The influx of campaign funding that eclipsed Republicans in South Carolina is also reflected elsewhere. Democratic candidates on diverse lists of states such as Maine, Montana, Colorado, Iowa and even the trusty red Kansas, have found themselves with healthy war chests in the last few weeks before election 3 November.


The 44-year-old South Carolina Democrat has been running in Democratic circles for many years. But it did not start that way. Harrison was born when his mother was 15. His father was his mother’s high school girlfriend and was not in the picture for most of his childhood. Her grandparents played a big role in raising her. Harrison grew up in Orangeburg, a town with thousands, and graduated from Yale University with a scholarship and law school at Georgetown University. Harrison was a teacher, served as chairman of the South Carolina Democratic party, an aide to South Carolina congressman Jim Clyburn, and later a lobbyist.

Harrison’s association with Clyburn was a blessing in South Carolina. Clyburn was the most influential African American Democrat in Congress and his endorsement was a critical point in helping revive Joe Biden’s presidential campaign during the Democratic primary. Clyburn showed careful anticipation of Harrison’s chances.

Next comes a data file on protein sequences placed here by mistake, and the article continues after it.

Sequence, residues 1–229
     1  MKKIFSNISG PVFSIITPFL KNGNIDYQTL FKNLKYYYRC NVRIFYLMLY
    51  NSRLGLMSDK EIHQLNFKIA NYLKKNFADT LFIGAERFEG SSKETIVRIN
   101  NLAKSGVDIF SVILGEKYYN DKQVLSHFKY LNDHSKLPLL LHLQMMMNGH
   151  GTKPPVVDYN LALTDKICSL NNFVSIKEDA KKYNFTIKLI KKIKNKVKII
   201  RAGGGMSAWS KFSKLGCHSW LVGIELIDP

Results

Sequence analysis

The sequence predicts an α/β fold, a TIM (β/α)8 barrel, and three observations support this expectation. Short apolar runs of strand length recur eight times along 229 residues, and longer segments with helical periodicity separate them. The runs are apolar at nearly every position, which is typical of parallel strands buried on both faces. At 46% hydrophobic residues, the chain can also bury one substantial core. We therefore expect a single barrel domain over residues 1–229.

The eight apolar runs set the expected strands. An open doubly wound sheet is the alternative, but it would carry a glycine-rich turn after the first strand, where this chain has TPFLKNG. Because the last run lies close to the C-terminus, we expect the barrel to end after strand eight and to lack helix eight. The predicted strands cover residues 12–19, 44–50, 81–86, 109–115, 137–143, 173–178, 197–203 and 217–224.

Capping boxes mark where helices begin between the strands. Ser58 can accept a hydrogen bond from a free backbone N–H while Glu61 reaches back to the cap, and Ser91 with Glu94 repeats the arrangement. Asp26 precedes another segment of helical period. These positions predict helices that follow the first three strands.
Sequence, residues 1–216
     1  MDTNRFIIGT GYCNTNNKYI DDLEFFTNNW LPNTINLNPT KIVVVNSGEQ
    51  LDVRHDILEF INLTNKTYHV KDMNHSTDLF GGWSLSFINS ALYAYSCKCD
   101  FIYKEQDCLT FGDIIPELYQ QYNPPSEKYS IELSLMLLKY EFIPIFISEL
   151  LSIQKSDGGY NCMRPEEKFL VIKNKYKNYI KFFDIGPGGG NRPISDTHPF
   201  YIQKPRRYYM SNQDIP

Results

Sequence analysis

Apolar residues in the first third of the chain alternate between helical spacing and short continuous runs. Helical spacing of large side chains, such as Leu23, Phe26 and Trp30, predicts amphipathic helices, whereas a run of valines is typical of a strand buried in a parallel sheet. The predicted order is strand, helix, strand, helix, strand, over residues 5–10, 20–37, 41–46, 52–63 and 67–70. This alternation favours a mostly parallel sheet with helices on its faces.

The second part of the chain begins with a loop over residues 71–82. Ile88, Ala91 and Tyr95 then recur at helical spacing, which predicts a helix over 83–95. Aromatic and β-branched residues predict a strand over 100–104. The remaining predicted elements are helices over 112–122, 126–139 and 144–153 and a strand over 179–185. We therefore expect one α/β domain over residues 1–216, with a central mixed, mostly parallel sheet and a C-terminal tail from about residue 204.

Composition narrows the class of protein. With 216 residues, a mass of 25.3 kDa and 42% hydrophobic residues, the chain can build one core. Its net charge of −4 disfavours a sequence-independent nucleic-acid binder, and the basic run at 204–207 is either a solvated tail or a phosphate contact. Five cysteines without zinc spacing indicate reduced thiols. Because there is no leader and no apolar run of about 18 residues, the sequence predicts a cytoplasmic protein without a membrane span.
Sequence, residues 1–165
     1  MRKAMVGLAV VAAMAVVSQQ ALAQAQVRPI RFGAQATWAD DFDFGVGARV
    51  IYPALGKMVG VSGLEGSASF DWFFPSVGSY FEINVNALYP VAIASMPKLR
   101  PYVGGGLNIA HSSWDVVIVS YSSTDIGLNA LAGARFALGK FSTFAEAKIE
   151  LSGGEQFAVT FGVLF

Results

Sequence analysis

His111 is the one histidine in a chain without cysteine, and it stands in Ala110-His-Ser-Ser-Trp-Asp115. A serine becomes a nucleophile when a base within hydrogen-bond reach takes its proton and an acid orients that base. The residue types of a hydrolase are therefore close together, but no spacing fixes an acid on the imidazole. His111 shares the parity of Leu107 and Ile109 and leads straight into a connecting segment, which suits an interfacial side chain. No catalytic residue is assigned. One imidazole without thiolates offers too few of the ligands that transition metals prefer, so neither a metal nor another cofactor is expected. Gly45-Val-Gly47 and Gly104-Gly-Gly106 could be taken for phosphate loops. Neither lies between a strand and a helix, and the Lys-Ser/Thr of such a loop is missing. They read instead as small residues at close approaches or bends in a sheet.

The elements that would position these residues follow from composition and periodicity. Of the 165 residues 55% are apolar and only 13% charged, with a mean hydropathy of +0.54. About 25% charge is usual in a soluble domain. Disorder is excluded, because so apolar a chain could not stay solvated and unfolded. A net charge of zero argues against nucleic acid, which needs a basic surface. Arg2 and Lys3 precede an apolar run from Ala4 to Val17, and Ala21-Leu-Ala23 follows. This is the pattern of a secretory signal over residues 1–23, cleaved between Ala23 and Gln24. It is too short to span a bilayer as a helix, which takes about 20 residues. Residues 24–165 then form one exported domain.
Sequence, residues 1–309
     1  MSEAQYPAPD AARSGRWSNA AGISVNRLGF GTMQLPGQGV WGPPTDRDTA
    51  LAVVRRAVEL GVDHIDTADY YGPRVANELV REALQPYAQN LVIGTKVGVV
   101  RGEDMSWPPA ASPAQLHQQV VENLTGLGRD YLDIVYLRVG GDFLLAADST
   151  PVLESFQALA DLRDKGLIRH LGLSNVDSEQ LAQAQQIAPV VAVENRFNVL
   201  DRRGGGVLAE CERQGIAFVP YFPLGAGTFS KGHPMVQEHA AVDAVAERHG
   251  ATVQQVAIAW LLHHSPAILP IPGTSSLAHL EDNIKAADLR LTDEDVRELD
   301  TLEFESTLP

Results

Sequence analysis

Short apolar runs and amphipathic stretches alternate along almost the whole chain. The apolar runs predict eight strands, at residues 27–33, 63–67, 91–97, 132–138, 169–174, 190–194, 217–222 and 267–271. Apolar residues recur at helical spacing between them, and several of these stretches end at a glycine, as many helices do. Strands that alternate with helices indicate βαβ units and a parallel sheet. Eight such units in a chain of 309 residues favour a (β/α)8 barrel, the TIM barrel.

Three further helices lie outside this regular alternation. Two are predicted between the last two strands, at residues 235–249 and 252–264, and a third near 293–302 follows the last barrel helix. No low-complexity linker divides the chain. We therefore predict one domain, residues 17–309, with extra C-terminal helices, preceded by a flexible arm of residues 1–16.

“I think things are ruining him. If we get the kind of turnout we work in South Carolina,” Clyburn said in an interview with Politico.

At first, South Carolina’s Senate race in 2020 seemed like a long shot for Democrats. Republicans control both Senate seats in the state for 15 years. But Graham’s close ties to Trump and, for others, with the late Arizona senator John McCain as well as his defense of Supreme Court justice Brett Kavanaugh during hearing justice is what Republicans and Democrats now associate with strong opposition to the senator. Graham is also Trump’s golf buddy.

“I think the reason we are here is primarily two. First, Democrats are only focused on controlling the Senate and pinning for power,” South Carolina Strategist Walter Whetsell said. which helps advise a Super Pac backout

Whetsell said “Democrats hate Lindsey Graham for what she did to Kavanaugh. They hate this person. They want revenge. They want revenge. And you combine these two things and it’s like smoking an explosive. It will explode, won’t it? ”

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In an interview with the Guardian Harrison pointed out that Graham’s position was one that occupied some of the most vocal separations in American history. It would be a dramatic contrast for an African American to inherit it.

“The chair I am also fighting for is a place that has its own history. This is the seat of John C Calhoun, of Strom Thurmond, of a man called Ben Tillman who talks about lighting up black people in the US Senate. “

In his latest fundraising, Harrison will also show what a Democratic campaign in South Carolina can do. ganyan a large amount of money. Harrison said his campaign was planned to use the money to flood the zone with a full effort to win the seat for Democrats.

The latest Senate race polls show a low single-digit margin in between